and Fletcher hall and at the reports
that University authorities are con-
sidering a comprehensive dormitory
system. They propose to bring pres-
sure to bear through the Chamber of
Commerce of Ann Arbor if the Uni-
versity shows any tendency to en-
courage such a system.
It is ridiculous to suppose in the

day. The need for capital is an in-
escapabi economic fact, and thosej
immense incomes (most of which go
back immediately into active economic!


* * *


* * *


1111service again) are quite necessary TheUniversityIealth Service has
evils, unimportant when compared a lit of signs hung up around its of-
with the good done by the capital five-just as all business firms, no
which they represent. yt tter of what sort, have little wall
which__hey___present. m toes, like K eep Sm iling, and Do
It Now; and little rhymes about Hle
One would hardly expect the Demo- o an te rhyme abou lie
t tobe in ~ngbutop-,4who saves the Bass's time will live
cratic senators to be anything but op something I forget what.
posed to President Coolidge in his gue The Health Service rhymes and
________nstand. tthoes d jl, as you might expect,
S G s oijth the gfheral topics of health, dis-
Since Groesbeck is said to favor t, ,fe i, ulgt tcadae
the new state finance bill ought to b - f te ainig etc., an are
run through rather easily. t ntertaining bunch of little
runthoug rthr esiy.epigras. ut one of them gives a !

The next number of the Twilight
Organ Recitals by Mr. Palmer Chris.
tian will be given this afternoon in
Hill auditorium at 4:15 o'clock, and
will include the following numbers:
Allegro moderato e serioso (Sonata)
... Mendelssohn
Rfomince (Symphonv 4)......Vierne
Minuetto antico e Musetta ....,.Yon
R'ide des Princesses (The Bird of
Fire) .................Strawinsky
Symphonic Chorale, "Ach bleib mit
deiner Gnade" .........Karg-Elert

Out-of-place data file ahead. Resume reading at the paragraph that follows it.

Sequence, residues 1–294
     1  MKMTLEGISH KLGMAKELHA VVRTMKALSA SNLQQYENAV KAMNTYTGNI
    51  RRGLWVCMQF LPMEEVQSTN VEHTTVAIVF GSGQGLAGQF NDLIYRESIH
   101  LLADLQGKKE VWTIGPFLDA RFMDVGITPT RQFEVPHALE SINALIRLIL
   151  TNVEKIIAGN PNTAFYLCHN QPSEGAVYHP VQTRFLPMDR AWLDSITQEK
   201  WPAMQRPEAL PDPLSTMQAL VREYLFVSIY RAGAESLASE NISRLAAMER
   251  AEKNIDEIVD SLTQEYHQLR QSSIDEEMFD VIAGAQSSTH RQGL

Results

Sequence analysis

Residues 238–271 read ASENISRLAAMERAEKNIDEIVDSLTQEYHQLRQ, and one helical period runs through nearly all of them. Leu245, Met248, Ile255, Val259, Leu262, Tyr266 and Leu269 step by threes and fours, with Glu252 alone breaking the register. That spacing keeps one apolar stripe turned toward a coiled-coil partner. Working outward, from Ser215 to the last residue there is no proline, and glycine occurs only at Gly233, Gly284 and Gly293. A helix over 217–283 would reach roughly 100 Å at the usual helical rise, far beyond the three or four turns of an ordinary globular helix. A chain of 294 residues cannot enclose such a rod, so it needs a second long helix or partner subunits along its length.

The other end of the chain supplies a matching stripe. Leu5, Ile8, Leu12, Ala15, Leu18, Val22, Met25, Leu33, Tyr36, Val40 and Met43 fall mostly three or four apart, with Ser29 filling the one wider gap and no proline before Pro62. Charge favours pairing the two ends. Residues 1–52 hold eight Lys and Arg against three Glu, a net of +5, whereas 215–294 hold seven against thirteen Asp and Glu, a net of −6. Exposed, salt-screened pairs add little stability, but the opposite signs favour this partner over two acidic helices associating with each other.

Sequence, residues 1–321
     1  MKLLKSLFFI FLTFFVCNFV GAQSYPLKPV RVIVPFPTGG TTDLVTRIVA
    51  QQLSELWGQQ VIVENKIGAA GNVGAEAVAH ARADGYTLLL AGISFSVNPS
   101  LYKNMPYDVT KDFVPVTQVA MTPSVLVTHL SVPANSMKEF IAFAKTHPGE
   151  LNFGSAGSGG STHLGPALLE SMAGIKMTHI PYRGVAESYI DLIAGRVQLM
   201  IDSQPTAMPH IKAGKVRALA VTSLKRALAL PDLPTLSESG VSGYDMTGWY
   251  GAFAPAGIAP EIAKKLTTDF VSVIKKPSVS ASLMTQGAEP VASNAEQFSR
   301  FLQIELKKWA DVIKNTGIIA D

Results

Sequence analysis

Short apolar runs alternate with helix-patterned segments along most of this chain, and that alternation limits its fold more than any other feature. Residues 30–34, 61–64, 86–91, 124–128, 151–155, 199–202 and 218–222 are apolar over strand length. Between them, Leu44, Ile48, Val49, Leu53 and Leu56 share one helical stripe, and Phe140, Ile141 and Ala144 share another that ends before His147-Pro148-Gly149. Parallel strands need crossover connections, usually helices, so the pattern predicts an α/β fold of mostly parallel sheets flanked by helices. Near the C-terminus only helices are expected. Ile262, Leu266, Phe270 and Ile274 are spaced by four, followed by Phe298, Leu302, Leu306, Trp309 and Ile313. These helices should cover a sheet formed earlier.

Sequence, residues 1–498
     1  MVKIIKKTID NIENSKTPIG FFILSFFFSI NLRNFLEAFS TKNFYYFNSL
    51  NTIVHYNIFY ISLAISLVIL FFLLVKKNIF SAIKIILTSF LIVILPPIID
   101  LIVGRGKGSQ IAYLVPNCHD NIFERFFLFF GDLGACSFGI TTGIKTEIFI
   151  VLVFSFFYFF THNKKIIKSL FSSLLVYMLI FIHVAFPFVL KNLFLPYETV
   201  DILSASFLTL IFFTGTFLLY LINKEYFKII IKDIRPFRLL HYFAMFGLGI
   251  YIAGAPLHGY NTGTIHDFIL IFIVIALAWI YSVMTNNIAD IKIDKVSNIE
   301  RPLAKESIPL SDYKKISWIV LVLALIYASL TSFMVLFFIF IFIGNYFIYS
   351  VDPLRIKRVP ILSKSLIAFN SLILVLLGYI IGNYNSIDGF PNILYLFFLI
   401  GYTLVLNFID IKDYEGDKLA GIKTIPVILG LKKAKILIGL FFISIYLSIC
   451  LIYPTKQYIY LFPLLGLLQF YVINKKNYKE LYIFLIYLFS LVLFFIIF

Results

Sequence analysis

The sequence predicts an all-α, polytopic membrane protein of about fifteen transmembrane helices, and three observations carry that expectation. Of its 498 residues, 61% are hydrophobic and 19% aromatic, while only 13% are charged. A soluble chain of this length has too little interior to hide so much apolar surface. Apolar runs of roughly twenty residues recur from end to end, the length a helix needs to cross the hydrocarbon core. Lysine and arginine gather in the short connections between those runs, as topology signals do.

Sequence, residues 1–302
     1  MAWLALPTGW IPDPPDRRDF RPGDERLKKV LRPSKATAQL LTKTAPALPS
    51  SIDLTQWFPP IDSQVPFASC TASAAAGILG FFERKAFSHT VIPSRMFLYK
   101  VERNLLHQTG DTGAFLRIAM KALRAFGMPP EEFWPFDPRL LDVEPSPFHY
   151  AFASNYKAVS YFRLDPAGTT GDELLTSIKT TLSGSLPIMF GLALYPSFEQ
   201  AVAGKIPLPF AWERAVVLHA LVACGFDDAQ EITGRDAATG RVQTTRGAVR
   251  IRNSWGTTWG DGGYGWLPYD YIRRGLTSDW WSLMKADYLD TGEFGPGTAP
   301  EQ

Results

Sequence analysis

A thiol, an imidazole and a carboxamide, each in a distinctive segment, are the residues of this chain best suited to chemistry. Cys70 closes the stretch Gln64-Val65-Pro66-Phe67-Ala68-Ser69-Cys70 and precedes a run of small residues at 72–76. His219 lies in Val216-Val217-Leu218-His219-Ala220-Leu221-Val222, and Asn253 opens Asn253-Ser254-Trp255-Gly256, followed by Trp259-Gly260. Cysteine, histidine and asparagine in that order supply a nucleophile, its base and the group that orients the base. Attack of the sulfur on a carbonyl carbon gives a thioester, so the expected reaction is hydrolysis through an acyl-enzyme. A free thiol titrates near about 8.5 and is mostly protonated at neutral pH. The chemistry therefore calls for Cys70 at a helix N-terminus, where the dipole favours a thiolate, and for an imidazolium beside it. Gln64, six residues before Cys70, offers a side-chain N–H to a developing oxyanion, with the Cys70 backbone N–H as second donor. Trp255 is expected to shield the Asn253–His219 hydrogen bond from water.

Caprice .....................Barnes)
To the Rising Sun........Torjussen
In the Church ................ Novak

frpa tat Ca enimpression. . . .
first place that the Chamber of Cam- CAMPUS OPINION 1'te this one-neatly framed an d
merce, an organization that has al-I A nonvmus communications will he under glass:
ways supported University policies, d iregarded. The names of comnuni-
,ants will. however, hie rewarded as K~lord, I wonder what fool it was that
would back any such absurd move- confidential upon request. irst, invented kissing?
ment; and, supposing they did, that - -Swift.
the University would be at all infiu- DETROIT ART EXHIBIT /st'like that-as if Swift. in a bril-
enced to change whatever policy it To the Editor: l-nikoent, had sort of dashed it
might have in mind. If the adminis- There is a wonderful exhibition ofo msh
tration decides that well-equipped paintings by old Dutch masters being Well, he did nothing of the kind.
dormitories for the majority of men shown at the Detroit Institute of Arts. He once wrote however, a 'Manual of
and women of the University are es- No one should miss this rare oppor1 Polite Conversation,-which purported
sential, they will be provided as soon tunity, the exhibition containing a to be the directions on how to get;